Areas to improve – the EP could be slightly longer, four tracks, whilst usually long enough for an EP, especially a debut one, isn’t long enough to showcase music of this style properly. It just doesn’t have the time to show off the vast amount of talent that 20 Second Century obviously possess. It’s just enough to whet the appetite of the listener, enough to make them think “wow, I really like this”, and then it’s over. The vocals could be placed slightly more prominently over the music as well. They sit well as they are, as mentioned before, but it might be good to have them slightly more in the foreground, to give the impression of the importance of them. There’s no point having that amount of emotion and passion within the vocals, and then not making them stand out.
So, it’s very clear to see from 20 Second Century’s EP that the energetic, jumpy sounds of punk aren’t quite dead yet, despite the eras of New Found Glory, Sum 41, Blink 182 and others arguably fading into the distant past. This reviewer thinks that a revival is perfect. The tired old style still has some gusto left in it, and 20 Second Century have put a twist on it that refreshes it and makes it interesting again. – Wonderful stuff.
Read the original review here: http://chordblossom.com/musicreviews-20secondcentury-selftitled
Indie rock four piece Mere Moths, hailing from Co. Down in Northern Ireland release their debut, three track EP, entitled Water of the Land this month, through Circulation Recordings. Mixing crunchy distorted bass and funk-esque tempos, the band create a mixture of rock tones that give it a groovier feel than most indie rock available on the market at the moment.
It’s clear to see from the offset that Mere Moths have bags of potential, and have only just begun to tap into it. For such a newly signed and, at the moment, small band, the production quality of Water of the Land is really rather good. It’s well recorded, mixed and produced, giving a good representation of both what the band are capable of sounding like, and the attitude that the band have towards their recordings. The fact that the EP is so short just goes to show this attitude even more clearly, that Mere Moths put so much effort into each individual track that it takes as long as many other bands would take to put together a seven track EP has materialised into three, meticulously produced tracks that sound nothing less of professional. Now that’s dedication.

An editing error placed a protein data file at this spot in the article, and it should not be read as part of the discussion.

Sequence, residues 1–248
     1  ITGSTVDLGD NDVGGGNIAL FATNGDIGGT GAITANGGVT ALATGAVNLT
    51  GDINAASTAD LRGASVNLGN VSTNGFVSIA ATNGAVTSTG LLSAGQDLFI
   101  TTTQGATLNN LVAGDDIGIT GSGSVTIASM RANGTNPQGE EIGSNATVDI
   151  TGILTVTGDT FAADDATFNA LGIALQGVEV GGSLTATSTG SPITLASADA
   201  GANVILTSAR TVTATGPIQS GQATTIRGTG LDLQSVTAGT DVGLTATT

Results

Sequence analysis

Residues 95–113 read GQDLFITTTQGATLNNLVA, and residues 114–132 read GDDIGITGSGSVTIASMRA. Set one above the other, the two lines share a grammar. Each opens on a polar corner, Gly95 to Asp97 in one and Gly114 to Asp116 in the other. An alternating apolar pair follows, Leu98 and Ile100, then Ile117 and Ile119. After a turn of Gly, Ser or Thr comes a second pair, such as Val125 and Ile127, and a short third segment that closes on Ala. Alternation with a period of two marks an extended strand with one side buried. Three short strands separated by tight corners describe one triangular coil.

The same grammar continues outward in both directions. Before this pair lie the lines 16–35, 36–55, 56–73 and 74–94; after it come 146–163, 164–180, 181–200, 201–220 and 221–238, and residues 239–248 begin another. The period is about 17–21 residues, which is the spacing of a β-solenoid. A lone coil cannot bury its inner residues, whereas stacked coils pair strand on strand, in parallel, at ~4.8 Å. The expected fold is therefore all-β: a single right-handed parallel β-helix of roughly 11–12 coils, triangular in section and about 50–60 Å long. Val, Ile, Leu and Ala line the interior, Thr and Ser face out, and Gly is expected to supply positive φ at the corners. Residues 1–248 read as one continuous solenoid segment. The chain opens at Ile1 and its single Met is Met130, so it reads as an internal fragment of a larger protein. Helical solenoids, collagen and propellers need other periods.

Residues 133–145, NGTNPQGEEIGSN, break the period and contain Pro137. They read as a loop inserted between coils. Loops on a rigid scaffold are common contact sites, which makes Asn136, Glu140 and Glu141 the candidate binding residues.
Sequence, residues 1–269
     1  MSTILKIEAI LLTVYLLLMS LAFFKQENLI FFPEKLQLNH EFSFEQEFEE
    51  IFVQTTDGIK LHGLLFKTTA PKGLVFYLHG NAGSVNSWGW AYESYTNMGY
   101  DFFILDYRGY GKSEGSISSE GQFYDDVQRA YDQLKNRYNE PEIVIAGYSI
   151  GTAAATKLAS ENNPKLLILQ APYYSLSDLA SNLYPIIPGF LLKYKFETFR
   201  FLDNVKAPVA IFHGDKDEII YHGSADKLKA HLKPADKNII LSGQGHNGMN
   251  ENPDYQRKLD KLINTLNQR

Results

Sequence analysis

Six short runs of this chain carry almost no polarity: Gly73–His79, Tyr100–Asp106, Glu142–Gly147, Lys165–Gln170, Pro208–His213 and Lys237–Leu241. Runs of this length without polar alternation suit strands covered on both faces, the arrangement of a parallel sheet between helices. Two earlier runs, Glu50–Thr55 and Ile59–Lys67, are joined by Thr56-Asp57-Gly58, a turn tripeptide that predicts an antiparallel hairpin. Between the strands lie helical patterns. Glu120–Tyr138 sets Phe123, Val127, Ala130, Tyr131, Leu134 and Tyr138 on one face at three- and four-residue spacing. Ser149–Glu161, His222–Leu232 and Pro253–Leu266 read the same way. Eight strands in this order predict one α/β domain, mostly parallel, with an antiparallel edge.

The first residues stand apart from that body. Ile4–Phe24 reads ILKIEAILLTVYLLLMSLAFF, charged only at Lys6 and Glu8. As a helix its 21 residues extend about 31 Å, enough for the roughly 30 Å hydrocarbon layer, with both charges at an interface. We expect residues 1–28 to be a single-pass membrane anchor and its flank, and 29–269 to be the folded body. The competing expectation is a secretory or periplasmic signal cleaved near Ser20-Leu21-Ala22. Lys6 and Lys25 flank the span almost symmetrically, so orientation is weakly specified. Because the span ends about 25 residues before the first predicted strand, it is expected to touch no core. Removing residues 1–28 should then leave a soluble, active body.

Musically, again it’s got a great groove to it, a refreshing take on the rock/indie genre to put something a little more funky into it, and it makes it interesting to listen to and that little bit special. The standout track on this EP has to be Mine, a song that just oozes feel-good tones, sing along vocals and talented instrument work that makes it a great track to listen to all the way through.
One of the only problems with this EP is, as previously mentioned, the fact that it’s a little bit short. Three tracks weren’t enough to get a proper appreciation of the talent that’s gone into creating the music. But, on the flipside of this, being so new, Mere Moths are only just getting started, and three tracks on this Water of the Land does definitely enough to whet the appetite of the hungry listener, and leave them want a lot more. It’s not an EP, it’s a starter.
So, overall then, Water of the Land is a very good and well put together EP, with just enough to give across the right impression of the style of music that Mere Moths are going for, without giving too much away, and just enough to leave the listener wanting that little bit more. Clever and teasing, this reviewer hopes to be hearing a lot more from them very soon.
Read the original article here: http://chordblossom.com/musicreviews-meremoths-wateroftheland
- Biffy Clyro – Opposites Album Review (Planetmosh Review)
- When We Were Wolves – The More Things Change, The More We Stay The Same EP Review (Planetmosh Review)
- Alexisonfire – Death Letter EP Review (Bring the Noise Review)
- Lewis Watson – Another Four Sad Songs EP Review (Never Enough Notes Review)
- Parkway Drive – Atlas Album Review (Bring the Noise Review)